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    A Gaa-stronomic Delight

    With Gaggan just having copped its Best Restaurant in Asia for the 4th consecutive year; you can be certain that getting a table at Gaggan will be high on the priority of most discriminating diners heading to Bangkok. And that’s why it’s good to note that just across Gaggan on Lang Suan Road in the Ploenchit area, we find Gaa. It’s been open for just a year, but the good word on Gaa is slowly, but surely, spreading. It should stand as no coincidence that Gaa can be found next door to Gaggan, as it is the brainchild of Chef Garima Arora - Mumbai-born, and trained in Noma, she was the former sous chef at Gaggan.

     

    READ: The No. 1 Restaurant In Asia Is Bangkok’s Gaggan—Again

     

    At Gaa, the pervasive influence is naturally Indian, but there’s an effortless trans-Asian feel to how the courses are conceptualised and prepared. Ingredients come from across the region, with impeccable standards and quality the dominant factor. From food fit for royalty to street food interpretations, there’s a more whimsical and playful vibe to Gaa, with surprises lurking around every corner. To get you started, one reserves at Gaa and opts for the 10 course or 14 course Degustation Menu. Be forewarned that the Wine Pairings offered are a stand-alone price for the libations on their own, and not a Food Tasting inclusive of Wines price.

     

    Gaa at Bangkok

     

    On the night we had our Gaa-stronomic experience; the first course was a Chilled Soup of Marion Plums with Cheese Curd - the plums a relative of the mango. Next was the Duck Doughnut, served takoyaki style, with piping-hot duck vindaloo found within. From the outset, there was this playfulness of going from cold to hot. The third course was Chicken Liver with Longan; and we were back to cold, as this was shards of delectable frozen chicken liver with the longan fruit coming as the surprise bite that explodes in your mouth. The simply titled Corn was next and it was misleading, as this was succulent baby corn that was served whole, with a smoked cornmeal dip. The Cauliflower Bread with Homemade Butter that followed was more like a breather, as it could have stood as something that accompanies a course, and not a course unto itself.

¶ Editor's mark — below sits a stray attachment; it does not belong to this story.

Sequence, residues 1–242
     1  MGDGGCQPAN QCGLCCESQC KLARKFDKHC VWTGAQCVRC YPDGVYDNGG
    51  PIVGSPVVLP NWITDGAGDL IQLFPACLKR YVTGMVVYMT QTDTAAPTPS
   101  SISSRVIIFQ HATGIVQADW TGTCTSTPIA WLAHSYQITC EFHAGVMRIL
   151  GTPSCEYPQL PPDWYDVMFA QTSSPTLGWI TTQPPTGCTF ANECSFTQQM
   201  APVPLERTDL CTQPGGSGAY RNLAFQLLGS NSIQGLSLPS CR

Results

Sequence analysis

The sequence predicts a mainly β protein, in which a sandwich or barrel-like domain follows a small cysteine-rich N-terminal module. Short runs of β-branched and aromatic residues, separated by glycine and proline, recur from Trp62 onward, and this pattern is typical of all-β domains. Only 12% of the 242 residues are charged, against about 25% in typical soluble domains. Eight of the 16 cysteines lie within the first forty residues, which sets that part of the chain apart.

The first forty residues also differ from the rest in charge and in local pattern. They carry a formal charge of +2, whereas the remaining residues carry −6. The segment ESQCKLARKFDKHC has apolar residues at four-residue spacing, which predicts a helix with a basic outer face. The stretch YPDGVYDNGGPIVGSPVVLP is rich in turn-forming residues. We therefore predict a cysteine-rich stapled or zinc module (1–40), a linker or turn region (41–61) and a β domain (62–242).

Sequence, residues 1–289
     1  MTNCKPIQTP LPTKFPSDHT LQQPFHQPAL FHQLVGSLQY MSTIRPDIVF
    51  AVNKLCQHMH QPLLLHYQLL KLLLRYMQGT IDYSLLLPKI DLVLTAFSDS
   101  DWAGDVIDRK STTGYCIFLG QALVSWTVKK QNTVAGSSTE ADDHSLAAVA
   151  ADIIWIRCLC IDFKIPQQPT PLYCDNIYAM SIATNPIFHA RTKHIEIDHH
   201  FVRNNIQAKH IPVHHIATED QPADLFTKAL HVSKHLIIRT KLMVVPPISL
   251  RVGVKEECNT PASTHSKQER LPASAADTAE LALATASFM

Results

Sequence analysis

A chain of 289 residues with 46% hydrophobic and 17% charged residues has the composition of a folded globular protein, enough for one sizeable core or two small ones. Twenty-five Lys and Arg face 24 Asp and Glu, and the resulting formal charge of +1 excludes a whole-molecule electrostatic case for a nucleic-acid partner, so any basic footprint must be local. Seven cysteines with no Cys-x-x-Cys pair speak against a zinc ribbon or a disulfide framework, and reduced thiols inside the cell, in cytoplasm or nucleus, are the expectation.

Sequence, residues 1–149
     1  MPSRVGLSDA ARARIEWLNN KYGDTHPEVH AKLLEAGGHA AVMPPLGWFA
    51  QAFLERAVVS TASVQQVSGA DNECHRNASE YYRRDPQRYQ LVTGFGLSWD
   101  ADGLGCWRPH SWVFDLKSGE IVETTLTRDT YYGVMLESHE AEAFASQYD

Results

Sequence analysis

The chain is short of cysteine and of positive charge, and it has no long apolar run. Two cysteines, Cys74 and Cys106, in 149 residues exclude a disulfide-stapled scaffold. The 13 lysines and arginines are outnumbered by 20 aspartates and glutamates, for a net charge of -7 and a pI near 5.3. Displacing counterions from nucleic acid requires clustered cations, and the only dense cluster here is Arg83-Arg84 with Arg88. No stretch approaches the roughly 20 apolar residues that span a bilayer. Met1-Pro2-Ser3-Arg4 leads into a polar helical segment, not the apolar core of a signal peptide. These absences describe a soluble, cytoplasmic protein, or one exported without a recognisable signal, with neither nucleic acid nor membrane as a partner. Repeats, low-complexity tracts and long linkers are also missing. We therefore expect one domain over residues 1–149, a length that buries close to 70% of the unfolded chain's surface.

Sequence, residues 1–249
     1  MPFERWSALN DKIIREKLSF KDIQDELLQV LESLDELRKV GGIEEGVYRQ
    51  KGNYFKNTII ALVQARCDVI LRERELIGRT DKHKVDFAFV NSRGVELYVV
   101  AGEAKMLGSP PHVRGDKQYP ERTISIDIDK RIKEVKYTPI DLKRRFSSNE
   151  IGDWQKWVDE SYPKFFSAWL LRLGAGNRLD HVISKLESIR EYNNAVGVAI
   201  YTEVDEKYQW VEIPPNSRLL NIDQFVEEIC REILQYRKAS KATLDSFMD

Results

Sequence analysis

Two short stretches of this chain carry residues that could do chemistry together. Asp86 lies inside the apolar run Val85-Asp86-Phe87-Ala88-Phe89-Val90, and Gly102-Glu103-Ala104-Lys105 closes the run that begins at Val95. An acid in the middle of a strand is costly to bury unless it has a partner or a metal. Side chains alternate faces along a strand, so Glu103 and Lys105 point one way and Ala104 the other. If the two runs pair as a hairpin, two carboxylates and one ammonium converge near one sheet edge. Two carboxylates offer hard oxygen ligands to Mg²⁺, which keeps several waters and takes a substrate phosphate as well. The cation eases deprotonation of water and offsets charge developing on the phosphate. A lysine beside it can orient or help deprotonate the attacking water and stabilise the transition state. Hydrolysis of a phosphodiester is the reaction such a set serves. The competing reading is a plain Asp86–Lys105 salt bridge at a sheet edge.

Chilled Soup of Marion Plums

    Duck Doughnut

     

    Chicken Liver with Longan

     

    Cauliflower Bread with Homemade Butter

     

    The intermezzo course was the Strawberries with Royal Project Sturgeon Caviar with Hor Wor Oil and this was truly special, with the Strawberries thinly sliced to form a geometric pattern. Following was the Crayfish with Khakra, a truly interesting preparation served on crispy flatbread. And then we had the Bottle Gourd with Caramelized Whey, a pumpkin like dish that satisfied. The Pork Rib that came as the last main course, was picture-ready, garnished with Pomegranate, Onions, and Coriander.

     

    Strawberries with Caviar

     

    Crayfish on Flatbread

     

    Bottle Gourd with Caramelized Whey

     

    Pork Rib at Gaa

     

    Corn with Cornmeal

     

    The dessert came in two waves - there was the Burnt Sugar Ice Cream in a Red Rice Cone with Pork Floss, then the Chocolate Betel Leaf. The leaf was a curiosity, but I would return time and time again for the Burnt Sugar Ice Cream.

     

    Burnt Sugar Ice Cream in Red Rice Cone with Pork Floss

     

    Chocolate Betel Leaf

     

     

    My favourites that night were the Soup of Marion Plums, the Chicken Liver with Longan, the Strawberries with Caviar, and the Crayfish. Delighting me throughout was the inventiveness that was still grounded, and not mere showing off but making flavours expand and surprises burst out of nowhere. Gaa may only be a year old; but it certainly earns its place in Bangkok’s culinary landscape.